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Re: iptables service with debian

On Fri, Apr 27, 2012 at 2:38 AM, Joe <joe@jretrading.com> wrote:
> On Thu, 26 Apr 2012 14:13:28 +0500
> Muhammad Yousuf Khan <sirtcp@gmail.com> wrote:
>> i run this command
>> iptables -t nat -A POSTROUTING -o eth1 -d -j MASQUERADE
>> my client computers able to ping
>> but  when i "iptables --flush -t nat"  it clrear the table but my
>> client can still ping the destination.
>> i check "iptables-save" is shows that tables are empty.
>>  i thought that there could be some kind of service related to iptable
>>  in /etc/init.d  folder so that i can restart that but there are none.
>> and i notices after 5 minutes or so my clients computer were not able
>> to ping which means my commands affects after 5 minutes.
>> but i want prompt effect of every iptable command. is there any thing
>> that can be done in this regard ? pls help
>> one more thing what could be done to retain all the iptable statements
>> even after reboot. i think writing all the iptables command in
>> rc.local
>> is not a good idea. it is work around.
>> can any one plz help in this regard also.
> Iptables commands do work instantly, but state table entries may not
> disappear until after their timeout. It has already been pointed out
> that the MASQUERADE target is not appropriate for access control, so
> you should not be too concerned if it does not work as you expect. If
> you were to delete a real iptables access rule, there would be no delay.

Thanks for the clearing my concept.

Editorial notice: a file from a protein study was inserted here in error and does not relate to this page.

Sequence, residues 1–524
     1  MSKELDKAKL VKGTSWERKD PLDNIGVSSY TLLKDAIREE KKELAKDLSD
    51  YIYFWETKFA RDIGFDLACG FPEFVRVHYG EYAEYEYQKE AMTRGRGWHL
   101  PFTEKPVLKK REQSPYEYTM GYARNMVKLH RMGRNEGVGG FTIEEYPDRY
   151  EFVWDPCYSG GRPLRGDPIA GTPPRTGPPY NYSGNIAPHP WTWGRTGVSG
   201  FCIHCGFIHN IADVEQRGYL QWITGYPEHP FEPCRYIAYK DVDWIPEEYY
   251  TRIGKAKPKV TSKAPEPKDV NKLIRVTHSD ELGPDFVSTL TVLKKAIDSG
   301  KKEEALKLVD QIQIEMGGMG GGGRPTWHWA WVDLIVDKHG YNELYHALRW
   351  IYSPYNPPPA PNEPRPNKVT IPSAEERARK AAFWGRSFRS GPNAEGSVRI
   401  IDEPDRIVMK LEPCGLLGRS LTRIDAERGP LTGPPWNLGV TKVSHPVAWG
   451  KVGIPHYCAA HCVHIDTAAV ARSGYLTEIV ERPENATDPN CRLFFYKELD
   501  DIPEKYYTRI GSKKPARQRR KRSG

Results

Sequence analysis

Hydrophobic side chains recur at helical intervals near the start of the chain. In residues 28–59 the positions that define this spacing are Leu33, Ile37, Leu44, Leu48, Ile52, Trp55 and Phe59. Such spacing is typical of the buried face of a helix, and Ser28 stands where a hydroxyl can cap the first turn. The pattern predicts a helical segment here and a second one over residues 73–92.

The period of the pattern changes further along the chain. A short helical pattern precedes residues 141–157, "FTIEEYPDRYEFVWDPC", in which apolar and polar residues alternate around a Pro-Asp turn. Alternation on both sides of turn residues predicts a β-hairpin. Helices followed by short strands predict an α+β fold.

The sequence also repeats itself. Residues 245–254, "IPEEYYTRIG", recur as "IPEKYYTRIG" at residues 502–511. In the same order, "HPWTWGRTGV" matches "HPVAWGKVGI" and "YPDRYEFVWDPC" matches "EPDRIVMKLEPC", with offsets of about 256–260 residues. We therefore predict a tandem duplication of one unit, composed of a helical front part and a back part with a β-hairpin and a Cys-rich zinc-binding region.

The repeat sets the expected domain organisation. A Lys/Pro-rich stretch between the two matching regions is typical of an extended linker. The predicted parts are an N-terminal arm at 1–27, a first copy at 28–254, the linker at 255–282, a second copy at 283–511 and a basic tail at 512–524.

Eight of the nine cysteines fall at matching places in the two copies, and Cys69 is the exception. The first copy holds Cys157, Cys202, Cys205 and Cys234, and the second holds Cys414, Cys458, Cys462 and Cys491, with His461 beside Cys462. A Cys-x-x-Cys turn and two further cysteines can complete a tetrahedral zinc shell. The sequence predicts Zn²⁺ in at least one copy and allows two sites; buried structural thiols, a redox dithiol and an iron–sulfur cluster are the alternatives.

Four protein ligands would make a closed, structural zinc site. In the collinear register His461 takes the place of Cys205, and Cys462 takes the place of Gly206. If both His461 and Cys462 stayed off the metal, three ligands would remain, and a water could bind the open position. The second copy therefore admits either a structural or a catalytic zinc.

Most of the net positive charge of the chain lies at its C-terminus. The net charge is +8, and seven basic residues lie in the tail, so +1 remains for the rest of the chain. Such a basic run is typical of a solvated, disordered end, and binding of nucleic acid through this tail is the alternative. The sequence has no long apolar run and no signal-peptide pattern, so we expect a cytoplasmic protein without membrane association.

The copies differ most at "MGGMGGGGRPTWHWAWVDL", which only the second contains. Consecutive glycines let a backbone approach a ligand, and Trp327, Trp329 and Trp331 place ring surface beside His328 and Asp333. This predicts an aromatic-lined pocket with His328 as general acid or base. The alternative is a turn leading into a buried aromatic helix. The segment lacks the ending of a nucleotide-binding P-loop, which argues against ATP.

however i read some of the part via google that there is a file
/etc/network/iptables in Debian from where all the startup scripts run
for FW . may be i didnt got the correct idea out of it. as i am new
and still learning.
so i thought that rc.local is not an appropriate route to choose.

> I use iptables and its logging fairly regularly for troubleshooting,
> which involves altering and repositioning rules to see what's going on,
> and I know there is no delay after reloading the rules tables. If you
> type an extra rule at a command prompt, it will work the instant you hit
> return, assuming you have it right and it doesn't conflict with what
> is already there. It's easier to add it to the script in the right
> place, and reload the rules tables.
> The usual way to organise iptables rules is to have a script that runs
> as part of the boot sequence, usually also checking for the correct
> modules, starting IP forwarding, etc. It isn't a workaround to run it
> from an rc, how else do you think things are started on boot? If you
> want something that looks like a daemon, it's not too hard to make a
> start-stop script that will load and flush the iptables rules, check
> which ruleset if any is currently running and generally work as a
> pseudo-service. It's not something that Debian supplies, as a lot of
> people prefer to use firewall applications rather than deal with raw
> iptables rules.

since the inception of my career i have been using Microsoft at server end. but
since i have started learning Linux i dont know what is the attraction in it.
i started liking command line. rather GUI. so i am not interested in

> --
> Joe
> --
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